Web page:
For those of you that don’t know, or haven’t heard about the Chip Shop Awards, it’s part of The Drum’s yearly awards calendar. The difference? Chip Shop Awards entries don’t need to be for a paying client. These ads don’t even need to be published. It’s all about the creativity and the concepts. Our Head of Content, Gareth Alvarez, Head of Content, entered this great ad. He was nominated in the final selection, which of course meant Social INK went to the Chip Shop Awards in 2019.
Attending the Chip Shop Awards 2019
We often talk about One Minute Briefs (OMB). The Chip Shop Awards outing was a chance for us to congregate with some of the other OMBles that we had only ever met virtually online. Until now.
The awards ceremony itself was a great chance to celebrate creativity from a whole mix of participants: some from agencies, and some from individuals just looking to flex some creative muscles. That’s what’s so great about the Chips. It’s about the idea, nothing else.
Now, you’re probably thinking the Chip Shop Awards were a couple of weeks ago, why are they only just writing about it now. The recent controversy from within the advertising industry regarding Cannes this year made me realise this was a good time to speak about it.
Award-Winning vs. Sales-Generating Ads
We love seeing adverts that are clever. An idea that’s different, stands out, and really catches our attention. But we’re in marketing, which means we’re looking at it through a very different lens than the target audience would.
In Cannes this week, an advert seems to have polarised the industry, with some thinking it’s great (such as the judging panel) and others thinking that the creative advertising awards have lost the plot. We’re leaning towards the latter at this stage, but we’ll let you judge for yourself and not just take our word for it.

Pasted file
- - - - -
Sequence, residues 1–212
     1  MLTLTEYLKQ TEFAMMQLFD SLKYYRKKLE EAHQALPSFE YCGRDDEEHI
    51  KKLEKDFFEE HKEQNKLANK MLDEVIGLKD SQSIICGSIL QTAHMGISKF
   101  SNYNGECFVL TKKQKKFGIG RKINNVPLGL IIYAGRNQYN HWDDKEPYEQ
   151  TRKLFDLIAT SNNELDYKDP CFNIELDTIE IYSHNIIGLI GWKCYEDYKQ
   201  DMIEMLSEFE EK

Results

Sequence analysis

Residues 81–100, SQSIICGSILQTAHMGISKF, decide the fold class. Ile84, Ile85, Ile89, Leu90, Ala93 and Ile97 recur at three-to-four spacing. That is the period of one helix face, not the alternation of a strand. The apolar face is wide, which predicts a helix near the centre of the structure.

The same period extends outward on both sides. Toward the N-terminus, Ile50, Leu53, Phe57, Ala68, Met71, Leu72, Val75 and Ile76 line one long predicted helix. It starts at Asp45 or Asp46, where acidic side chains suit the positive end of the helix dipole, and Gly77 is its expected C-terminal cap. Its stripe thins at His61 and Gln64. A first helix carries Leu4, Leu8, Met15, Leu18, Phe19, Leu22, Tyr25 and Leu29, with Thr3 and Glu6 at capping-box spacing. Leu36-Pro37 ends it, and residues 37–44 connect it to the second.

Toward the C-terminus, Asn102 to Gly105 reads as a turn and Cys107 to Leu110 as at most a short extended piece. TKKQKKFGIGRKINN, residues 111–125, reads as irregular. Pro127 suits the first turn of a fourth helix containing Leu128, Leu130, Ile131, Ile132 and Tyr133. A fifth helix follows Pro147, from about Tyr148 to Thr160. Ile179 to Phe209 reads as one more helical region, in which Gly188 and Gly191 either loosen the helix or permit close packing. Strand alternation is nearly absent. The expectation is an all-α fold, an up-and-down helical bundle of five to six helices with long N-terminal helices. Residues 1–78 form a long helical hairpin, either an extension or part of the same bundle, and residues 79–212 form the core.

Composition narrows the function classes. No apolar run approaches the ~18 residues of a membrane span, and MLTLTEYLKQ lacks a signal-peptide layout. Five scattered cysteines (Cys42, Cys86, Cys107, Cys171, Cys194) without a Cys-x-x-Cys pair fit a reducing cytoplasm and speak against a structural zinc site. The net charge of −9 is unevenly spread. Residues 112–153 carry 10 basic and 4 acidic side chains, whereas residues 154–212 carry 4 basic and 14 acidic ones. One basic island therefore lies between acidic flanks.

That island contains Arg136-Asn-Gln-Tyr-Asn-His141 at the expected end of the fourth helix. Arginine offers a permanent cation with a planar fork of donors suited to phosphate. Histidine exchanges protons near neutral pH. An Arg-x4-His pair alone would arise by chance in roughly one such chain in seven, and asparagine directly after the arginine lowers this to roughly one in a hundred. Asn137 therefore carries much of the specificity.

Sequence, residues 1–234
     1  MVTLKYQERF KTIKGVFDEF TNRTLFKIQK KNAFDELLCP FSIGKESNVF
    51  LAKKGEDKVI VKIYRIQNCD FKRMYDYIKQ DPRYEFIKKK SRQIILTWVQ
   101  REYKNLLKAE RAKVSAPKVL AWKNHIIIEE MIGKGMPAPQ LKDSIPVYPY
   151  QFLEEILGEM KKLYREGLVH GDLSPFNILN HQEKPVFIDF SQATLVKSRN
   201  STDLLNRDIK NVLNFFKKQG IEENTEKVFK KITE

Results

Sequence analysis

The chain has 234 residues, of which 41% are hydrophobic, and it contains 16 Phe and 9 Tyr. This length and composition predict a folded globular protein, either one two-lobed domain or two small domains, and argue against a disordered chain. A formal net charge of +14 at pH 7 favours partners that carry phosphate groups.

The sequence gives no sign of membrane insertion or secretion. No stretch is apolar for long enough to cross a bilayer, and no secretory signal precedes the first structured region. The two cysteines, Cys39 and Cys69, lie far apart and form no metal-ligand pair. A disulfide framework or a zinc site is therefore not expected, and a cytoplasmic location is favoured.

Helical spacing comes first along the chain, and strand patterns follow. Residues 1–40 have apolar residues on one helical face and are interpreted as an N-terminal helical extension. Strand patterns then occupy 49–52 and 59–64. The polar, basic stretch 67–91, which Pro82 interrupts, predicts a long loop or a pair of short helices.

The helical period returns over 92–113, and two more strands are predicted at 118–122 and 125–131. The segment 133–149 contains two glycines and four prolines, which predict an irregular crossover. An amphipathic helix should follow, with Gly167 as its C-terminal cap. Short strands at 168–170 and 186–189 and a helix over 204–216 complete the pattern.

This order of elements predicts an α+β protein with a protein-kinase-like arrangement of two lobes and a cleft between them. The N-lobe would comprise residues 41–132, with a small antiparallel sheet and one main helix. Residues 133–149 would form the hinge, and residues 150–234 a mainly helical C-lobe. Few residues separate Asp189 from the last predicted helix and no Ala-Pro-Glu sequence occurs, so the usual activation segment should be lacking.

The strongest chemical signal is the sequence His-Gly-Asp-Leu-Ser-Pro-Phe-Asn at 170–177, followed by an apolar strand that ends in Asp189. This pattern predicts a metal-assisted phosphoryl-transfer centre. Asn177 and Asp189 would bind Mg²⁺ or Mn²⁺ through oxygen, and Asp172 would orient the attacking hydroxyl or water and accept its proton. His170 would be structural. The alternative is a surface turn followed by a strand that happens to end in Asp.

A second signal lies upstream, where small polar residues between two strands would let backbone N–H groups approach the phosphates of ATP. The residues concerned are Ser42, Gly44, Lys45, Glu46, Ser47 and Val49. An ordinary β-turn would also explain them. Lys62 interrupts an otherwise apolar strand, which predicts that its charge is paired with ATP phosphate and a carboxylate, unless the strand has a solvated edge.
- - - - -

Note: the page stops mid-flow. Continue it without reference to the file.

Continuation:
Does it make you think twice about sending emoji-laden messages whilst driving at 85kph?
Are you motivated to buy a Hyundai as a result of seeing this ad?
What if we now told you that, as it transpires, this award-winning ad was just a stock image?
How about if you flip it 180o?
The only difference between a quirky stock image and an award-winning ad is some simple copy and a brand logo.
There has been plenty of vitriol levied at this advert. And who can blame people for feeling so strongly about it? It makes a mockery of the industry. It reduces the creative process to something anyone with a laptop can whip up in a minute. And, consequently, it devalues the hard work, experience and professionalism of the majority of people in marketing and advertising.
If this is what wins awards, how can any client ever take you seriously?
What Makes a Good Advert?
Well, a good advert used to be one that sold products. That’s always been the main function of an advert. That’s what clients want. It’s what they pay creative agencies for. So, going too far towards the conceptual, the creative, or the downright strange seems like we’re losing the focus on what the goal is in the first place.
There seems to be a split materialising. A split between creating content to win awards, aimed at impressing judges and ad people. But then, at the same time, the need to create content that really works for our clients and that sells more product. Right now it seems that the two are drifting further and further apart.
The most iconic adverts from the past 70 years are iconic because they were clever, genre-creating, but most importantly, because they worked. For example:
Comparing this advert to the winner from Cannes this year is impossible. Talk about playing in a different league. This is more like a completely different sport. And we’re seeing it more and more across the board.
Ultimately, we’re in this business to serve our clients with creative work that appeals to their target market. Marketing collateral that convinces, converts, and sells.
You saw Social INK at the Chip Shop Awards 2019 showcasing our creativity. And we hope you’ll see Social INK at the Chip Shop Awards 2020, too.
You’ll have seen Social INK win the KFC brief with OMB.
You may even have seen Gareth, representing Social INK, coming as runner-up to the WWF brief with OMB.
But, by and large, these awards and competitions are just a way for us to express ourselves creatively and showcase the work we are capable of doing for any brand, big or small. Because most great work doesn’t get shouted about. It’s busy doing the job it’s supposed to do, without fanfare. Selling and promoting our clients.
And that’s as it should be.